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Learning the Transformative Language of the Channel System: The Sinew Channels
The Chinese medical classics describe the energetic terrain of the body in much detail. The acupuncture channel systems, as presented in the Ling Shu illustrate the various expressions our qi energy can take.
Relationship Marketing: A Modern Approach
Remember when you used to get real letters in the mail? Not the automated type, but the real deal, hand written with a personal message just because someone was thinking about you? You know what I'm talking about.
Treat Every Patient as an Athlete
Frontal-plane movement pattern dysfunction can set the stage for musculoskeletal injury. Frontal-plane stabilization is essential during the normal activities of daily living: think single-leg stance and gait cycle.
Fish Oil: A Key Component to Positive Clinical Outcomes
Patients seem to be presenting with more complex problems, and many are responding to care more slowly or have completely unexpected results. Why?
Teaching Qi Gong to Children
Many of us have come to embrace Qi Gong or Tai Chi practice as a regular part of our lives. Qi Gong has been a stabilizing factor in my life for the last twenty years.
News in Brief
Support of F4CP Continues With Latest Donations; Walter Reed Honors Dr. William Morgan; Recognizing 40 Years of Public-Health Activism; Allstate Decision Reversed.
Treating LBP in Golfers: Beyond Basic Assessment
The drive to master the most efficient swing demands a tremendous amount from the lower back. Maintaining stability in a flexed posture, supporting torso rotation and repetitively supporting the golf swing all put the lower back in a vulnerable position.
Patient Retention Techniques
When talking about techniques to grow your business, we tend to focus on the "large" aspect of the patient base, that is, on strategies to attract new patients. However, it is important to remember that "loyal" is equally, if not more, important.
The Ethics of Herbal Prescribing
While teaching ethics classes, I often encounter licensed acupuncturists who are surprised that our use of herbs and supplements has a specific section in the material. It is often an aspect within ethics that clinicians don't think of in practice.
Healing the Core: AWB Nepal Earthquake Relief Project
With almost 9,000 people killed during the earthquakes in April and May, another 23,000 suffering injuries, hundreds of thousands left homeless when entire villages collapsed, and many sacred sites destroyed, no one in this country of approximately 28 million has been left untouched by the disaster.
Lower-Extremity Overuse Injuries: Primer on Causes and Corrections
From ankle sprains to stress fractures, shin splints to plantar fasciitis, the research is clear: These common overuse injuries of the lower extremities – among dozens of others – may be related to abnormal foot function in your patients.
An Unexpected Superfood: All About Eggs
About 40 years ago, excessive dietary cholesterol was labeled a public health concern. Specifically, it was thought that there was a causal link between consumption of cholesterol-laden foods and increased risk of heart disease.
Integrative Sports Medicine
One of the most rewarding and challenging clinical scenarios is the treatment of athletes.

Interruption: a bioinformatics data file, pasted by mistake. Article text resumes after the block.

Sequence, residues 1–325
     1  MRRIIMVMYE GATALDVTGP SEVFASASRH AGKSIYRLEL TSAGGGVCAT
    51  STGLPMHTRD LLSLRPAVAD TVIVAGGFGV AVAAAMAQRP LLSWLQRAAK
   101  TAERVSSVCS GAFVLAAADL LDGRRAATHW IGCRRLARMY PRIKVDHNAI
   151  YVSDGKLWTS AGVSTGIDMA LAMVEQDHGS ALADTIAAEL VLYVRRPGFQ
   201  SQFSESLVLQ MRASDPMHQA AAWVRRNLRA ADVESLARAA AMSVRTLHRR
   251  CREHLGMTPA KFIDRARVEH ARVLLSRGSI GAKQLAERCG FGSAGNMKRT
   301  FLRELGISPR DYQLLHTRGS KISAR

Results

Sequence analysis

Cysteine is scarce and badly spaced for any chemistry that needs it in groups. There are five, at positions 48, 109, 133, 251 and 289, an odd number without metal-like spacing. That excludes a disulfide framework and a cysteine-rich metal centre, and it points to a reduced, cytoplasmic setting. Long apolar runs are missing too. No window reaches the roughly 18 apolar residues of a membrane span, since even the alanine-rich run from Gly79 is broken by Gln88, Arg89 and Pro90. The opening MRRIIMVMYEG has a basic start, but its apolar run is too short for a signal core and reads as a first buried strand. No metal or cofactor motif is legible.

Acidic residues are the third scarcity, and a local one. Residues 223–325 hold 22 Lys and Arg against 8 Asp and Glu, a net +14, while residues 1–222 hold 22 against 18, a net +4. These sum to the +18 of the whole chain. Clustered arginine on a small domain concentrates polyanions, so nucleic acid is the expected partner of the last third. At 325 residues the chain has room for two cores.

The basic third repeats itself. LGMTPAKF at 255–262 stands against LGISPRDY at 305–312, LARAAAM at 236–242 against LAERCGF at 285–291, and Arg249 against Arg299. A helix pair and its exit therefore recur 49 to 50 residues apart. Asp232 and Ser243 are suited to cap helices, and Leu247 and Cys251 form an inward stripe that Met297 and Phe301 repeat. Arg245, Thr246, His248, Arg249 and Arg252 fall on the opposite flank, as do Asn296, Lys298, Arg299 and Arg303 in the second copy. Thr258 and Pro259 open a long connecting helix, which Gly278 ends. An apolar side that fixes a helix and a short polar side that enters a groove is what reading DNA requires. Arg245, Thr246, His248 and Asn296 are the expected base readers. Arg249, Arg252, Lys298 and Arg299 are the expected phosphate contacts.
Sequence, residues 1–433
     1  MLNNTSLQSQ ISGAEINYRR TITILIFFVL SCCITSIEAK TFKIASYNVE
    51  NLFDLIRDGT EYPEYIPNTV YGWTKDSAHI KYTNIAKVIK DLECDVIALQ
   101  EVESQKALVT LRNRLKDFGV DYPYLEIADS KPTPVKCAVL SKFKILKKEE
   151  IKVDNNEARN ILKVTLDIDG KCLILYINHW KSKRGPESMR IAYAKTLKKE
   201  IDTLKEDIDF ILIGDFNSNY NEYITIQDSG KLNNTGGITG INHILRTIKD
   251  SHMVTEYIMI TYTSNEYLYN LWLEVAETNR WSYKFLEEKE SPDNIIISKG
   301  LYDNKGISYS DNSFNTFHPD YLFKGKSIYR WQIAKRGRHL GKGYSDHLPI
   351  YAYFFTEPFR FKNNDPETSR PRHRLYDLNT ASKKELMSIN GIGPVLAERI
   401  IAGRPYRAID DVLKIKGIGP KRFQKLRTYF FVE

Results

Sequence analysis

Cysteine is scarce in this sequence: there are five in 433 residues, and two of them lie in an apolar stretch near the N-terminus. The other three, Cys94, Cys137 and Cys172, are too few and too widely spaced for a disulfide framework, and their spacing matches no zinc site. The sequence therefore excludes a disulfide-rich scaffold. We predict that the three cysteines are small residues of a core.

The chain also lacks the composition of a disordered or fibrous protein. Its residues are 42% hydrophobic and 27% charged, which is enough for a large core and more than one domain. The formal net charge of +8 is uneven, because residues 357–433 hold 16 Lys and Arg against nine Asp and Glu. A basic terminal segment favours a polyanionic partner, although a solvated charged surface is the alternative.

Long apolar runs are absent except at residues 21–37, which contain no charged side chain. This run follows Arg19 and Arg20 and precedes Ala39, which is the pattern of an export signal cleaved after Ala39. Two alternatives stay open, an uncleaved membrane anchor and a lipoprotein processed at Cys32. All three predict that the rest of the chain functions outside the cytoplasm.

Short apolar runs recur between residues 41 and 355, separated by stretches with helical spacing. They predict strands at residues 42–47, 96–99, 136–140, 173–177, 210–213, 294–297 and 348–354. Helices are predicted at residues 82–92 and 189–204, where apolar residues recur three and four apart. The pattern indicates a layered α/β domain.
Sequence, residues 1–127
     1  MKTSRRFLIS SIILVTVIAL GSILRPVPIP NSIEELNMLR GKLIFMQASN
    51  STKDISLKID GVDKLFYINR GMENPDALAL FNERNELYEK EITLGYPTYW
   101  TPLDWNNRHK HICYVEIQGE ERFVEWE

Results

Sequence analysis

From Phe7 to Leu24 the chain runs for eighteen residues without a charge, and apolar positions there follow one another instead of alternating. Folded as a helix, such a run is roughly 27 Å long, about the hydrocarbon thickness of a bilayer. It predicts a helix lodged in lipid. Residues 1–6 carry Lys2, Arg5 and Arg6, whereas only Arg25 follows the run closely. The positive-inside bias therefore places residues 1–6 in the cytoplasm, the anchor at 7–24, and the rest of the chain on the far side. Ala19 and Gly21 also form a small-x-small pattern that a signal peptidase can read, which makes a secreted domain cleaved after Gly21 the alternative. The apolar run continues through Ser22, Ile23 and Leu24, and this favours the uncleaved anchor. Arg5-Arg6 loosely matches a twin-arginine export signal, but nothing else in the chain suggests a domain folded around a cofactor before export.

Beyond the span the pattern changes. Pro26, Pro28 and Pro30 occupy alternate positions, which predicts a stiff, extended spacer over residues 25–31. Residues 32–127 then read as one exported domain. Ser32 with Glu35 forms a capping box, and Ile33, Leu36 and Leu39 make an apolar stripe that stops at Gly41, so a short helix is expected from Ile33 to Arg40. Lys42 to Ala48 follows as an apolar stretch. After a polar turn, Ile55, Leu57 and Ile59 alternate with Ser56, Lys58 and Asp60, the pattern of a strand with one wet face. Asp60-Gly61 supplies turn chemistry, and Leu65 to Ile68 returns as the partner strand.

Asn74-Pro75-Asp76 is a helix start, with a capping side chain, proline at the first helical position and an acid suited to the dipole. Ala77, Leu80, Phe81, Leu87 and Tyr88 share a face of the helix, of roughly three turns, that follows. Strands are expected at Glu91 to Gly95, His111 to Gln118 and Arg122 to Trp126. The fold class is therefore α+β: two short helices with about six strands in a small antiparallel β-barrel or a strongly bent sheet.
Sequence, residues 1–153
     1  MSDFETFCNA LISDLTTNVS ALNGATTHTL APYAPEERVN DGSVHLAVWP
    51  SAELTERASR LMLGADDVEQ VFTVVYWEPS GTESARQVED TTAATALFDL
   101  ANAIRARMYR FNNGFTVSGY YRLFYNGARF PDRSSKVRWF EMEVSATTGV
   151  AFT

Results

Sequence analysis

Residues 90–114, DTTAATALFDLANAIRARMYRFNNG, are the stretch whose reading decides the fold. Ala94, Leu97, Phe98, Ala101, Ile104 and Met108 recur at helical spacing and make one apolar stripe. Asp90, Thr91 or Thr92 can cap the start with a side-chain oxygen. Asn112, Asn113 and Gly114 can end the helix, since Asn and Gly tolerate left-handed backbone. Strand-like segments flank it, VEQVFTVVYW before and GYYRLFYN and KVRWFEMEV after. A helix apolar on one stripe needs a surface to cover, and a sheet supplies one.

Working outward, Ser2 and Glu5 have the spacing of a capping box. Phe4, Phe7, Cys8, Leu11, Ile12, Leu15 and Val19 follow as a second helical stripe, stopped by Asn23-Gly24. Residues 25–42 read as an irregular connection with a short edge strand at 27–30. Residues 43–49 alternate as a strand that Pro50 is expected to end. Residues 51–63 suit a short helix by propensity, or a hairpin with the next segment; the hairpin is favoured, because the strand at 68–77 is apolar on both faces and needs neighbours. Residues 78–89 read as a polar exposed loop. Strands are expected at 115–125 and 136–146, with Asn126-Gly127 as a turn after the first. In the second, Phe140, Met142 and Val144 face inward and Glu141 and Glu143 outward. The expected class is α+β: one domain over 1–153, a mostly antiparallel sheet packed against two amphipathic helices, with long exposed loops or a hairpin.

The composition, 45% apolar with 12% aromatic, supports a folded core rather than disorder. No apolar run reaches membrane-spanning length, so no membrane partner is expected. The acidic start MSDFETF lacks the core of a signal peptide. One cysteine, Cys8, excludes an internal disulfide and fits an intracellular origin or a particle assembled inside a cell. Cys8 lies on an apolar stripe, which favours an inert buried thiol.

ICD-10 Is Not Scary (and Not About Billing)
In my 13 years of consulting with doctors on billing and coding matters, ICD-10 has aroused the biggest combination of misguided fear and ignorance I can remember.
Exercise Recommendations for Healthy Aging
Aging is inevitable, but how you age is not. Common physical signs of aging include decreased muscle mass, decreased muscular power, increased body fat, and decreased aerobic (lung) capacity.
It's Time to Wake Up
It is time for this profession to wake up and tell someone about the healing benefits of acupuncture. This is the time for Asian Medicine. Its popularity, growth and unusual acceptance is nothing short of amazing.
Healing Trauma: Cultivating Resilience and Presence Through Mindfulness, Part 1
All humans, by the very nature of being human, will experience moments of trauma and suffering. What, then, makes the difference in how the individual who experiences trauma, suffering, and spiritual loss reacts to such experiences?
Making Public Health a Chiropractic Priority
As highlighted in this edition's News in Brief, Rand Baird, DC, MPH, FICA, FICC, editor and occasional author of our long-running column, "Chiropractic in the American Public Health Association", was recognized by the organization recently for 40 years of membership.
Data: The New Frontier in Health Care
Your practice is empowered with the data you need to improve patient health, run a more efficient (read: profitable) practice, get paid in timely fashion and help show the efficacy of chiropractic on the national stage in the midst of sweeping changes in health care!
Technology Meets Practice: Chiropractic Every Day
About a year ago, I had an interesting conversation with a DC who made house calls. When I asked why, she was quick to explain she learns much more about her patients when she sees them at home than she could ever observe in the office.
What to do When Today Sucks
Have you ever had one of those days when nothing went the way it should have? The patient with migraines got worse instead of better from a treatment similar to one you've effectively used on him before.
Online Marketing Basics: Website Creation
The various online marketing options make it a challenge, especially when all you want to do is help your patients feel better. With such a broad topic, I'm going to share some basics you should know about website creation.
Aetna Updates 97140 Policy
In a development the Association of New Jersey Chiropractors is calling "a resounding victory for chiropractors nationwide," Aetna Insurance Company has updated its national reimbursement policy regarding 97140 (manual therapy), reaching an agreement two years after the association filed a declaratory judgment suit in federal court against the insurer.